One of the illusions is we not only have the new American administration by our side, but the public opinion as well. Different surveys do point to significant differences between Americans and Europeans. A BBC poll, for example, found that 52 percent of Americans have a positive attitude towards Israel compared to 36 percent who have a positive attitude. In Britain, only 19 percent have a positive attitude and 72 percent have a negative attitude.
But American sympathy is towards Israel, not towards the Greater Land of Israel. It’s not certain that the Yesha Council has the new Trump administration in its pocket. It is certain that contrary to what too many people in Israel believe, the American public is becoming less and less tolerant of the ongoing expansion of settlements. In November 2015, 37 percent of them were in favor of imposing economic sanctions on Israel for the ongoing construction in the settlements. A year later, that view is already shared by 47 percent. The American public supports Israel, but it is making it clear that on the most controversial issue – among the Israeli public and between Israel and the United States – it is changing its stance.
Some will argue, following the US elections, that polls are worthless. That’s complete nonsense. The polls and pollsters’ error was within the standard deviation. Hillary Clinton, it should be mentioned, beat Donald Trump in the popular vote by more than two million votes. So even if the survey is slightly wrong, it points to the direction.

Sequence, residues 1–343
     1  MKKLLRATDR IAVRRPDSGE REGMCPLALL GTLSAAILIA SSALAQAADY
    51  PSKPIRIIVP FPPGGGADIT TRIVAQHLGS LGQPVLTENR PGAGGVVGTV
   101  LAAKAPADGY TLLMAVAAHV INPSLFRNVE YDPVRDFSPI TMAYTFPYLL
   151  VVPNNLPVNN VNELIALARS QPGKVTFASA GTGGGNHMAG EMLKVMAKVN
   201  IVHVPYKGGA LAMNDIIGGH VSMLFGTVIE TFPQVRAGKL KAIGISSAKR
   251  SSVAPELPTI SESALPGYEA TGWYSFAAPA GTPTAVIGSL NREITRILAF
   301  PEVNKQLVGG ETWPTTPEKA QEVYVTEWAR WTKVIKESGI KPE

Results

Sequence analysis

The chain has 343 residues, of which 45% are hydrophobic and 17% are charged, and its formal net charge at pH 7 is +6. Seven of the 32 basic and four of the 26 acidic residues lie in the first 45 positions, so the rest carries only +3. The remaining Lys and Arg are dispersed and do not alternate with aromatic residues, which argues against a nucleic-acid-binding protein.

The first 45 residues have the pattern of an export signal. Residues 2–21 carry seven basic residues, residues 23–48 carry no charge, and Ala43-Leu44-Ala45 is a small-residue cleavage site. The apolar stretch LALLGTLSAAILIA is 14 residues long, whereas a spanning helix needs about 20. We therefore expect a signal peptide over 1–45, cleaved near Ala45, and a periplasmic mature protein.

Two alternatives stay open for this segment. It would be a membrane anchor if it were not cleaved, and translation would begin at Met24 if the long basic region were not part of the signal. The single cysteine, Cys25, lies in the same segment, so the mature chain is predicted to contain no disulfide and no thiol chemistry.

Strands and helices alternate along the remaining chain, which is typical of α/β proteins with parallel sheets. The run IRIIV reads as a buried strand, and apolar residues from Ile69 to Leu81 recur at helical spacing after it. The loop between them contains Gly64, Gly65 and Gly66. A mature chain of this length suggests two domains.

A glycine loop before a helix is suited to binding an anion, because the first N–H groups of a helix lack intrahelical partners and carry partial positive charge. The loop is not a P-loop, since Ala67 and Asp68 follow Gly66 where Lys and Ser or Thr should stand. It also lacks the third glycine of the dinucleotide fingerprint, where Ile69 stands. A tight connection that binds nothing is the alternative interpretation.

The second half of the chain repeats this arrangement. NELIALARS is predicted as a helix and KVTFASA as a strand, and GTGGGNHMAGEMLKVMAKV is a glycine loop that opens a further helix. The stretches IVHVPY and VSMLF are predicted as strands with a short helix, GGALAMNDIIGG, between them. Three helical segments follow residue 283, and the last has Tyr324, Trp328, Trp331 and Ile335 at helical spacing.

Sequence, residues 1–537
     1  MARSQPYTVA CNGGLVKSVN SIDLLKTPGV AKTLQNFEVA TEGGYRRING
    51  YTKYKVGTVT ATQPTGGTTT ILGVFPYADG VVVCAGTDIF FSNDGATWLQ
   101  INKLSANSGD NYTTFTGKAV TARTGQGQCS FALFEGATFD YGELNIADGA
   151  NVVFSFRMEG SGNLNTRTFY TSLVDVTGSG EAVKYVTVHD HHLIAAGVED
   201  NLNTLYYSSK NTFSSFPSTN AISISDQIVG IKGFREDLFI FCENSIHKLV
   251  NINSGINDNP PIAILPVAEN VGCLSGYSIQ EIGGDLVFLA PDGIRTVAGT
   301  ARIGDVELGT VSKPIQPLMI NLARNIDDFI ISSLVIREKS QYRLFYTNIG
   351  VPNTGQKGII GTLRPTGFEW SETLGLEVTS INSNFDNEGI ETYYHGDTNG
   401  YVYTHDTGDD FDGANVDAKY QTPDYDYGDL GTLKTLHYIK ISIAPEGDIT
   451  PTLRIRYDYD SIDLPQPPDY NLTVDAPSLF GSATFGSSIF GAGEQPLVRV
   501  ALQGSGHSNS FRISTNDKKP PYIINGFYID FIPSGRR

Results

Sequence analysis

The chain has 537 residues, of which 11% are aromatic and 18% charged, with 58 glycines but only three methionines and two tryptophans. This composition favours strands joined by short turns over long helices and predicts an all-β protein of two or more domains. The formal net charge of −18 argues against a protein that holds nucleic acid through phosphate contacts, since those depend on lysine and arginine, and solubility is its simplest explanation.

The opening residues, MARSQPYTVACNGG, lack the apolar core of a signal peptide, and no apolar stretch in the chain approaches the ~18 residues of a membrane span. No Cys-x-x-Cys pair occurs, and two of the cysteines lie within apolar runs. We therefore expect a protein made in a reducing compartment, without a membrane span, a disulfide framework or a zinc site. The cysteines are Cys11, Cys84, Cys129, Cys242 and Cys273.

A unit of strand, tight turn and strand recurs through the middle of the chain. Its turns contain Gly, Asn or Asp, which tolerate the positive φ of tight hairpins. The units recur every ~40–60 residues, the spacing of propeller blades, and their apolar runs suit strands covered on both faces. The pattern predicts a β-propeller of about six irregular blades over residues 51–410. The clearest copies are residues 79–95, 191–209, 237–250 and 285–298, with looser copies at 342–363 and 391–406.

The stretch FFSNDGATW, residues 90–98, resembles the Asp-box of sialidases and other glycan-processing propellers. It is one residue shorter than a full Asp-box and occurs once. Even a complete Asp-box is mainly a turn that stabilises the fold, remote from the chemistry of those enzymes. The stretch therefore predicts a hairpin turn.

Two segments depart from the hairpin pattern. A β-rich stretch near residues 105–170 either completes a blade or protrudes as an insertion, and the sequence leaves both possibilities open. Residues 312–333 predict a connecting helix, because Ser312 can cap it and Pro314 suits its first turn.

The poll was conducted by the Brookings Institution, one of the most important research and consultancy groups in Washington. It shows that the support for sanctions has gone up from 49 percent a year ago to 60 percent in the current survey among Democrats, and from 26 to 31 percent among Republicans.
If the Israeli government insists on continuing its current policy, this trend will continue. It’s unclear whether we will lose the administration’s support, but it is clear that Israel is losing support in the public opinion, at least in terms of expanding the settlements.
It’s not the anti-Israel propaganda and it’s not the BDS campaign. There is no need to give them an honor they don’t deserve. It’s the Israeli government. Even pronounced supporters of Israel, who are waging an adamant battle against the BDS, are far from supporting ongoing construction outside the settlement blocs. But the Israeli government is insisting.
The Israeli Right has a lot of correct and justified arguments regarding the Palestinian rejectionism, the fear of Hamas taking over the West Bank as well, the Palestinian incitement and the mistakes made in the Oslo process and in the disengagement. But these correct claims do not lead to the conclusion that the construction outside the blocs should be expanded.
Is the fact that the Palestinians are rejecting the two-states-for-two-people formula lead to the conclusion that we should create one big state? Defense Minister Avigdor Lieberman is not the only one who understands that. So do many right-wing voters. It’s not the Likud voters who have been dragged to the right, it’s the Likud’s Knesset members and ministers who are becoming more rightist than the Bayit Yehudi party.
The growing support in the US for sanctions against Israel is setting off alarm bells, but the government doesn’t hear a thing.